This is the first installment of a new feature we'll be running periodically. In it we'll ask BigAl and all the Pals a question and those who are willing will respond with an answer of a couple sentences to a couple paragraphs. (Except for Al. He's likely to go on and on for pages. That guy never shuts up.) You're welcome to suggest possible questions. To do so, email booksandpals(at)yahoo(dot)com with “Ask the Pals” in the subject line and we'll consider your suggestion for a future Ask the Pals post. Once we've had our say, feel free to weigh in with your answer to the same question in the comments.
I’ve read Frank Herbert’s Dune at least five times. The story has a magnetic pull for me. A Hugo and Nebula award winner, Dune has sold over twelve million copies. I think the novel is more relevant today than it was on its release in 1965. At its heart is an epic adventure that deals with the consequences to a planet’s ecology when humans abuse finite resources for short term gain. In addition, the technologically advanced civilization responsible for asset stripping is threatened by ruthless religious fanatics who are waging a brutal jihad. Any of this sound familiar? Here’s what one of Mr. Herbert’s characters has to say:
You cannot go on forever stealing what you need without regard to those who come after. The physical qualities of a planet are written into its economic and political record. We have the record before us and our course is obvious.
As the central character, Paul Atreides, grows in stature and ability, he is tortured by a constant and desperate internal struggle and eventually forced to choose a path he regrets. Surely one of the most conflicted characters I’ve ever read. I’m not sure I ever liked Paul, but I felt great empathy for him and understood why he made the decisions he did.
The author sets his story in a complex, multifaceted “world,” politically intricate and technologically advanced and yet strangely familiar and often vividly described—here’s a glimpse of the desert at sunset:
The sun dipped lower. Shadows stretched across the salt pan. Lines of wild color spread over the sunset horizon. Color streamed into a toe of darkness, testing the sand. Coal-colored shadows spread, and the thick collapse of night blotted the desert.
Pigeon-holing Dune as sci-fi does the story a great disservice. If you haven’t read the novel then I’m jealous, because you have a treat in store that I can never again experience—the first time is always the best.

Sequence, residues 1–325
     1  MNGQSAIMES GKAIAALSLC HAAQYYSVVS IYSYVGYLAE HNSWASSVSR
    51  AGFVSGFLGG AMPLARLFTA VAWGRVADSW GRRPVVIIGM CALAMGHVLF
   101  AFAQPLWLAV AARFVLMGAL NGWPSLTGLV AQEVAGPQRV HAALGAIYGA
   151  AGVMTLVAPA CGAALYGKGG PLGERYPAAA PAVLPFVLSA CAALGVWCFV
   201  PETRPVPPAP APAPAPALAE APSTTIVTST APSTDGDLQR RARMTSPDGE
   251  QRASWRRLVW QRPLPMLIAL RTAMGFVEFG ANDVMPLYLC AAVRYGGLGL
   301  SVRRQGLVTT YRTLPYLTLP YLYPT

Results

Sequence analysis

Absolutely impossible to say as my tastes have changed over the years, but Black & Blue by Ian Rankin sent me down the path of crime novels that's now pretty much all consuming.
I don’t have a single favorite book. It all depends on my mood. I loved Diana Gabaldon’s Outlander Series. Until Echo in the Bone. It kinda pissed me off, so I have tossed her aside and haven’t read the last one. Yes, I can be fickle when you mess with my characters or their writing style changes mid-series.
I really like Patricia Briggs, Jeaniene Frost, and Ilona Andrews. However, I have fallen behind on their series books because I am enjoying too many new Indie authors who write paranormal, urban fantasy, magical realism, or myth related stories.
Oh, I got distracted. My favorite books of all time will always be from Dr.Seuss. Why? He is classic, smart, and endearing. I read them all to my kids and my grandkids. Sure, I could have said The Neverending Story, The Indian in the Cupboard, The Princess Bride, Lord of the Rings, or even Harry Potter. But Dr. Seuss was first and foremost.
My normal answer to this question has been To Kill a Mockingbird. I had a lot of reasons for picking that. One is the obvious one, it's a great story with some lessons that we could all learn from, whether you're an ancient old man like me or a teen (how old I was when I read it). It was also a pick I couldn't imagine anyone would argue wasn't a reasonable choice, even if it wasn't what they would pick. Last, it gave me the opportunity to go on a rant about it not being available as an ebook. The last is no longer true. It's been on my Kindle since the release date. I rarely re-read fiction. Plus, my virtual stack of new books to read is always so high that I haven't gotten to it yet. Maybe some day.
What is your pick? And remember to email to the address above with your suggestions for future questions.